In an FOB transaction, the buyer will arrange for chartering a vessel, provides the Charter Party Agreement (CPA) and Q88–documents that prove the buyer has chartered a vessel–to the seller who will load the buyer’s vessel in the designated terminal. The vessel will then be escorted out by Nigerian Navy and, if need be, private security guards, to international waters and away from possible marine pirates. The buyer receives a higher net discount amount, meaning it will be making more overall profit. The assumption here is the quantity is large, at least 1 million barrels per shipment.
In Tank-To-Tank (TTO) delivery, the seller will charter a vessel, load it, and deliver it to the buyer at a predesignated port. Price will depend on where the delivery will take place: delivery in West Africa waters would always result in greater profit margin to a buyer than delivery in farther areas.
It is to the advantage of a buyer to make the purchase as FOB or TTO, especially if the POD is located in Europe than farther in China or Brazil. Since the cost on a Very Large Crude Carrier (VLCC) able to carry up to 2 million barrels hovers around USD $50,000 per day, a shorter distance of nearly 20 days to Rotterdam costs around USD $1 million less than the journey of 36 days to Qing Dao, China. Surprisingly, most buyers do not want to make an FOB or TTO purchase. But why?
Sadly, trust is a serious issue for most buyers. They seem to be afraid of setting foot in the murky waters of the Bonny Light transaction landscape inside Nigeria or in West Africa waters, which they mistakenly think as being unsafe, let alone charter a vessel when thinking the transaction is a scam and the oil is non-existent. Instead, taking delivery in familiar territory offers peace of mind to them.
Also, some buyers do not want to assume the risks in the high seas. They think anything could go wrong. While that is true, we all could be gone tomorrow. But we are not and life goes on. Plus, insurance covers all losses. So, this fear has no basis in fact.
Additionally, some buyers feel more comfortable inspecting the quantity and quality at the POD. However, this fear is unfounded because they would be in control of both the quantity and the quality all the way to the POD if they purchase it as FOB or TTO.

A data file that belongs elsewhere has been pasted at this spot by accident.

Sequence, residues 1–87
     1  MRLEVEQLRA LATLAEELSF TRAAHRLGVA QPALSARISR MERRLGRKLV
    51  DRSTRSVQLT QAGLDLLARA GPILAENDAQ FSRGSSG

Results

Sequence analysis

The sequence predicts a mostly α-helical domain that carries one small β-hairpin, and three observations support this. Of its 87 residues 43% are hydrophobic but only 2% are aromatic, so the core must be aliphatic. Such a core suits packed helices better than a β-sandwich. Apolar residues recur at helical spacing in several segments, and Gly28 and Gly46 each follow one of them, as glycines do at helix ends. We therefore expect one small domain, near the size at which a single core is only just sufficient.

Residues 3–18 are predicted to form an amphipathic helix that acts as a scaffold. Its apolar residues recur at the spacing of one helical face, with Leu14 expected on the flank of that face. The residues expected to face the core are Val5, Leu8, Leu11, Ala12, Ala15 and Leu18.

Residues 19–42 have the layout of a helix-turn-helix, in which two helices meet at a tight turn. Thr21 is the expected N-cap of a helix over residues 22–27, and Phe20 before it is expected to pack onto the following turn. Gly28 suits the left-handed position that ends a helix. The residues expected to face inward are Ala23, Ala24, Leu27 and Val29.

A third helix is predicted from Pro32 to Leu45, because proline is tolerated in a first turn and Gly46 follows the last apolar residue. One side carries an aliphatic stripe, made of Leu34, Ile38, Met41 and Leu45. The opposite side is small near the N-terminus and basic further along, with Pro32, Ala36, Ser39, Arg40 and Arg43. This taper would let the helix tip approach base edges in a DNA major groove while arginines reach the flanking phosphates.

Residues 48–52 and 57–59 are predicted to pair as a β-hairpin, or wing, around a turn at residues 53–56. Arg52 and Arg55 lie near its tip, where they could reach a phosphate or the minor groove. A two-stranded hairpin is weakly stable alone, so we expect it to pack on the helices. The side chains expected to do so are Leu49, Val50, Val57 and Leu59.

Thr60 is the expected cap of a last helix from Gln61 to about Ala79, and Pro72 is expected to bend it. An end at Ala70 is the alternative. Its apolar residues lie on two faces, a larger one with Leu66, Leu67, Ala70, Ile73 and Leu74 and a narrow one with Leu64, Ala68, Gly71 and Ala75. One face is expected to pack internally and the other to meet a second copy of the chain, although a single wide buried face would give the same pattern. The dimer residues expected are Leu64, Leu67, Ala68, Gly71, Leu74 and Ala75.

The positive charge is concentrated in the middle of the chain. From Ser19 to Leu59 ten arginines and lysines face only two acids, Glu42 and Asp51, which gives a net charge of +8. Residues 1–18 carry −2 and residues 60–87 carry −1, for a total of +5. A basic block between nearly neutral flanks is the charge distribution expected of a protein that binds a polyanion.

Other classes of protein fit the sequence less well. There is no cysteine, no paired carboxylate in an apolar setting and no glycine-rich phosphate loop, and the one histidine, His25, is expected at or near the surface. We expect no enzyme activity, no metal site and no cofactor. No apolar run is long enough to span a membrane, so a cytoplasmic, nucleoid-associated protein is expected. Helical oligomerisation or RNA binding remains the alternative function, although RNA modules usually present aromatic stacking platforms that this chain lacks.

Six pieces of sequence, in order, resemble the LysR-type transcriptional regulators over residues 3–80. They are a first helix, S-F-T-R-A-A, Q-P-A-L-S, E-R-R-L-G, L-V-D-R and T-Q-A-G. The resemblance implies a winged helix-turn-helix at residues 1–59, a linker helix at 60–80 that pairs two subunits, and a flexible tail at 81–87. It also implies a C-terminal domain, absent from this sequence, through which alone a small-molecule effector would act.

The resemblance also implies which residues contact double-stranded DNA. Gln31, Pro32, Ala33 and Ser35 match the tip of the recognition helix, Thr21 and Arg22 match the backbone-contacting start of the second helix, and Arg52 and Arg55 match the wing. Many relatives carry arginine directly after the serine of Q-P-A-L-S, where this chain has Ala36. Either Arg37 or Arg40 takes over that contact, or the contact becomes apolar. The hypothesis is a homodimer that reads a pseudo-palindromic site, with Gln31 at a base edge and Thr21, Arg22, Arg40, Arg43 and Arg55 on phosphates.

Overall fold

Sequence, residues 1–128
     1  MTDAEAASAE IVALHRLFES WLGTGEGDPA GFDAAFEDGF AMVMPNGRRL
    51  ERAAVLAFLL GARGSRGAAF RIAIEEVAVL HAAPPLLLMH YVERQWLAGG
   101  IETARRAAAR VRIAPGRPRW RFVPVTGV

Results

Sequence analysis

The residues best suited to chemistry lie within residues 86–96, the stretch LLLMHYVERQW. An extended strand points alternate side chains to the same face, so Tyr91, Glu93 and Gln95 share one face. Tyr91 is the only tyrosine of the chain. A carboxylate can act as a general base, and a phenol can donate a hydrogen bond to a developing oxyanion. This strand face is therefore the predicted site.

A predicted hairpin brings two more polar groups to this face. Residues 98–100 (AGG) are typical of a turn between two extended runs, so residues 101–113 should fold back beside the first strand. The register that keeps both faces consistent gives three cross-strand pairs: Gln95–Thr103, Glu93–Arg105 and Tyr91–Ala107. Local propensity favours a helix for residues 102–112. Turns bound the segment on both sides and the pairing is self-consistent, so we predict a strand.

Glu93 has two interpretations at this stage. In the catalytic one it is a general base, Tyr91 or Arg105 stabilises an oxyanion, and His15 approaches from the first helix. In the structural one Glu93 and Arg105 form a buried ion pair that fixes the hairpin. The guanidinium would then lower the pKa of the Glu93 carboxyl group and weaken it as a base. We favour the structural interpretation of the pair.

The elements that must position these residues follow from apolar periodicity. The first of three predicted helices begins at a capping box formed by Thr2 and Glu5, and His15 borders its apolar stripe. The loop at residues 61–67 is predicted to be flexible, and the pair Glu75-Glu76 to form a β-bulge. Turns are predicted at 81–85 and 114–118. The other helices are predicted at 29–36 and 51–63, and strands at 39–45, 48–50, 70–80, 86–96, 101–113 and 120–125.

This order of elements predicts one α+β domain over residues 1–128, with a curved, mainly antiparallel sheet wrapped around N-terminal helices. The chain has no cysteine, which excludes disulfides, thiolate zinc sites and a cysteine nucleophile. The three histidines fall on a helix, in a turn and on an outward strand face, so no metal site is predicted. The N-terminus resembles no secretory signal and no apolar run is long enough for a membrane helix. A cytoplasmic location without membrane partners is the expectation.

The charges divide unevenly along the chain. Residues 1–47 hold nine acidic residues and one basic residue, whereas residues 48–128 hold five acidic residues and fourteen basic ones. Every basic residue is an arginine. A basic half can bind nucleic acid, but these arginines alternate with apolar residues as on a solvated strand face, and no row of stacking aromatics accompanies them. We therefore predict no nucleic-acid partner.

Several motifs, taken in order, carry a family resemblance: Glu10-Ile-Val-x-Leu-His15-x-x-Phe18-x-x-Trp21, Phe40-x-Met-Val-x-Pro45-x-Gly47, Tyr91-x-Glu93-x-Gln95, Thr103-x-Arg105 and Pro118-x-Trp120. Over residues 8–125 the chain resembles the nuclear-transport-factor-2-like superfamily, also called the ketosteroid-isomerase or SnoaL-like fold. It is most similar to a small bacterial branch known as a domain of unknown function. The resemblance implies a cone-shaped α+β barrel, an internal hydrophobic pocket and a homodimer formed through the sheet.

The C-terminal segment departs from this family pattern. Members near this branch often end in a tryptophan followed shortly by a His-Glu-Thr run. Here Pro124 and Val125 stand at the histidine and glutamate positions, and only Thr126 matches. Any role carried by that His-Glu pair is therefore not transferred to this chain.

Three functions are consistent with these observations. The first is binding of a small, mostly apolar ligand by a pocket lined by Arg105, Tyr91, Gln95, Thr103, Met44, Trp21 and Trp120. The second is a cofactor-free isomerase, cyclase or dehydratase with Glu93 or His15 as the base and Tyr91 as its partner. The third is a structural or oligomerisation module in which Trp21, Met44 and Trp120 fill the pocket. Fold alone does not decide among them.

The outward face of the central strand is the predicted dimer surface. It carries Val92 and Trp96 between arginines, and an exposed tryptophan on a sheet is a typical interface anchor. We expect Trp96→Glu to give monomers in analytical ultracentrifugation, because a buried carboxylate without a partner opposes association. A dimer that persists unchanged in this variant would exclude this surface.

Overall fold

The crude oil is delivered at the POD and travels to its final refinery destination or to a tank farm (storage tanks), owned or rented by either a private reseller, who will sell it to major national or regional distributors or refineries, or a National Oil Company (NOC) that will store the crude oil and sell it to interested buyers. Indeed, some buyers feel more comfortable taking delivery through a tank farm knowing it exists, is available on the spot, and has passed the customs already, which is another concern for some buyers, particularly in China.
Different steps of this journey bear substantial costs for a seller. We should appreciate the enormous financial burden on transactions of this magnitude. In reality, often more than one seller pool their resources together to finance the transaction. That spreads the risk among them.
Performing due diligence on both the buyer and the seller is crucial. I recommend it to both parties.
We have done due diligence and are confident about the ability of sellers we have become a mandate to. If you are interested in obtaining oil, consultation, or financing your transaction, please contact us here.